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Capstone team offers helping hand to a close friend
Engineers are inventors, problems-solvers, and interdisciplinary minds trained to improve lives. Just ask Nathan Picard.
The 22-year-old suffers from Duchenne Muscular Dystrophy (DMD), a genetic disorder characterised by the progressive loss of voluntary muscle movement. Although he uses a wheelchair to navigate through his everyday life, he recently received some extra support from four friends in the Faculty of Engineering at Dalhousie University.
Mechanical Engineering students, Benjamin Galbraith, Shaymus Veinotte, Bill Parsons and Arvin Rahimzadeh dedicated their senior year Capstone Project to building their friend a helping hand.
They designed what they call a biomechanical arm assist, a portable device intended to attach onto Picard’s wheelchair and assist with everyday tasks.
These tasks include eating and drinking, which have become a challenge for Picard who struggles to lift his arm past his shoulder.
Picard was diagnosed with DMD at the age of six. The severe condition, which is more prevalent in men, is caused by an absence of dystrophin, a protein that helps keep muscles cells intact. Muscle loss often begins as early as the age of 3, affecting the hips, pelvic area, thighs and shoulders, and later the skeletal muscles in the arms and legs.
“We saw his condition progress throughout elementary school, junior high school and high school,” says Galbraith who grew up in Mount Uniacke, Nova Scotia with Picard.
Although the two attended the same schools, Galbraith says he never really became close with Picard until after high school. Their friendship was sparked through a love of gaming.
“We started playing Overwatch together, which is a video game,” recalls Galbraith. “We went to tournaments together and had a group of friends that we hung out with. A couple of times a year we’d try and get together to have gaming parties such as Mario Kart.”
It was at one of these parties where Galbraith really noticed some of the basic challenges Picard faced each day. While everyone sat on the couch enjoying a slice of pizza, Galbraith said he watched as Picard struggled to lift his slice of pizza to his mouth.
“Nate had to go over to the table and bend down to the level of the table so that he could eat,” recalls Galbraith. “It was at that point when I realized that I wanted to do something for him that would help him better manage his daily tasks.”
With the Capstone Project already on his mind, Galbraith teamed up with his mechanical engineering classmates to build Picard a biomechanical arm assist.
From Concept to Design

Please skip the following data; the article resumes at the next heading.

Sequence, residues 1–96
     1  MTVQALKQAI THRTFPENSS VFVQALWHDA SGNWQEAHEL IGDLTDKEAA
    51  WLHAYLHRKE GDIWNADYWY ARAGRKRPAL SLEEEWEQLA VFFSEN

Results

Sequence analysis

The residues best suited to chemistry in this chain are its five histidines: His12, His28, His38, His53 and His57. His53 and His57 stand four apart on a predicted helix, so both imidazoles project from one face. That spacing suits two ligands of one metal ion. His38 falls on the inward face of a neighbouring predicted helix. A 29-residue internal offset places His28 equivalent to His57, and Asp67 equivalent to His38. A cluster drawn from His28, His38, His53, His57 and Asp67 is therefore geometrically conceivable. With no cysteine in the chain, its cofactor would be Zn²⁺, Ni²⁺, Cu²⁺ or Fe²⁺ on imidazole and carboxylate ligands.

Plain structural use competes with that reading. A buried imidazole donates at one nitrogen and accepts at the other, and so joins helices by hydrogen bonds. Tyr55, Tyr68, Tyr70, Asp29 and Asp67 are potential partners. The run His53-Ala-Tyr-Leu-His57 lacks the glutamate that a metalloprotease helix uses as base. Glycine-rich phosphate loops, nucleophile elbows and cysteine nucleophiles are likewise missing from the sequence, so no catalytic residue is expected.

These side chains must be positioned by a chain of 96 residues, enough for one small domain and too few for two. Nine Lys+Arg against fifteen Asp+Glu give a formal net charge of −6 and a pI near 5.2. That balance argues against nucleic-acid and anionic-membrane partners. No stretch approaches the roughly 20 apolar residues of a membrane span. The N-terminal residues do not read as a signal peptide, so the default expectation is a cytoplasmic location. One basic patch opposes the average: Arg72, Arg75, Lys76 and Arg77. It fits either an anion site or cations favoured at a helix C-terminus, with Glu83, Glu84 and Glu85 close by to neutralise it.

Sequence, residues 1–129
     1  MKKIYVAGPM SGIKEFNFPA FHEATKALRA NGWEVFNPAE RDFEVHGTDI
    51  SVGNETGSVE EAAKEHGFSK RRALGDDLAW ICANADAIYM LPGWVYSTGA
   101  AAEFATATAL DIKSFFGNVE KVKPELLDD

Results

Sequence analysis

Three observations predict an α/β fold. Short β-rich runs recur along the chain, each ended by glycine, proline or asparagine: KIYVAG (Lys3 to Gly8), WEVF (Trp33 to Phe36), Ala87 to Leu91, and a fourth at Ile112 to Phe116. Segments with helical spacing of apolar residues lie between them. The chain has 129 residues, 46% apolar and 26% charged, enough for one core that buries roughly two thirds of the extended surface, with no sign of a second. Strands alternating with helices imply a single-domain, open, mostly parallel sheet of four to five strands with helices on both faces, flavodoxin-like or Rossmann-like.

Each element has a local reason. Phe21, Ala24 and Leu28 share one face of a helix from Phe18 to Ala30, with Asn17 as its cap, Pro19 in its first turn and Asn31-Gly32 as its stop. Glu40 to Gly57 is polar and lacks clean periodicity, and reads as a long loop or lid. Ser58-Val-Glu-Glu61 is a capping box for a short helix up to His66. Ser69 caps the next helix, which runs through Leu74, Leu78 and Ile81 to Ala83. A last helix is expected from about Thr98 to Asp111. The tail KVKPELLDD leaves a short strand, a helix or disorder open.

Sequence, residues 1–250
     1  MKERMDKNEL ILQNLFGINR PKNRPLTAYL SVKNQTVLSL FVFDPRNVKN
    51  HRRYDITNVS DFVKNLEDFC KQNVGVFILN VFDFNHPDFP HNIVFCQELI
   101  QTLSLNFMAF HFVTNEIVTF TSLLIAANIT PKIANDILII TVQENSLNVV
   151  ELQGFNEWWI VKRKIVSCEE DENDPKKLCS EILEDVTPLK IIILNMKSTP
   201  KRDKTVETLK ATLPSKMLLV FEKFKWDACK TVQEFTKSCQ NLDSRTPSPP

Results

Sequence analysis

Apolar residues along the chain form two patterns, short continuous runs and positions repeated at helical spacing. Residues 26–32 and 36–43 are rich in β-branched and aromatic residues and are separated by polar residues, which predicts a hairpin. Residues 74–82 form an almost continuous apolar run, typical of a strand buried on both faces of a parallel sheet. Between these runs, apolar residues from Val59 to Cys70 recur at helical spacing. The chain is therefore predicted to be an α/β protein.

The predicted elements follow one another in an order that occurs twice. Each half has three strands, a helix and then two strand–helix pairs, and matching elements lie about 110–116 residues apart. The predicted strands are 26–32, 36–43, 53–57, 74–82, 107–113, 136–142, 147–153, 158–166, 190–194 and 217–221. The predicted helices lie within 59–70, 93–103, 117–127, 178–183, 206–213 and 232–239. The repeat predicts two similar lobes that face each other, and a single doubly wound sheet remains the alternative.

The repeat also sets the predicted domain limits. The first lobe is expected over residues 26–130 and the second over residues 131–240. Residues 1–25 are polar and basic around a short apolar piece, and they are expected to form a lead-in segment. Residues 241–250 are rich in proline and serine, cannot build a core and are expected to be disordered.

Senior students in the Faculty of Engineering are required to undertake a Capstone Course in their final year of studies. The course, which promotes design and innovation, is the culmination of four years of studies and provides students with the opportunity to blend academic knowledge and experiences to tackle real-world problems.
While most student teams are partnered with members of industry and presented with a current problem they’re required to solve, some teams are able to pitch their own Capstone Project ideas.
“I’d always been interested in prosthetics and trying to mix medical and engineering together, so I really I wanted to do that with my Capstone Project,” says Galbraith.
After examining Picard’s arm strength and manoeuvrability, the team learned that they’d need to develop a device to assist with his elbow flexion, which is the contraction and extension of the arm at the elbow. The elbow flexion is primarily supported by the biceps brachii, which is an upper arm muscles that is greatly weakened in people who suffer from DMD.
“We’re making his arm weightless, so that when he wants to lift a slice of pizza, the only weight he actually has to carry is the weight of the pizza, which is less than a pound,” says Galbraith “His main problem right now is that he can’t lift his own arm up which is about 10 pounds or so.”
The arm assist is mounted to the side of Picard’s wheelchair, and spring-loaded to counteract the weight of his arm. The team says once strapped to the wheelchair, the device can be appropriately tuned to adjust to Picard’s weight.
“So if we can take a mechanise that supports his arm, and the springs inside the mechanise support the weight of his arm, he can use those to push his arm up,” explains Galbraith
“When Nate slips his arm into the device, we also want to be able to adjust exactly how much weight we’re assisting, just to make it perfectly balance his arm,” adds teammate Parsons. “And it’s also beneficial in case Nate’s condition continues to progress.”
When originally researching the concept and feasibility of their Capstone Project, Parsons says the team was surprised to discover that many electric wheelchairs currently on the market lack any type of arm support.
“For someone with DMD or other conditions, having full use and control of your arms is a huge aspect of being independent,” says Parsons. “So this is a very important project to look into.”
Although the team is quick to point out that their Capstone Project isn’t designed to change the world, they know that with a bit more hard work and design iterations, they can at least change the life of one good friend.
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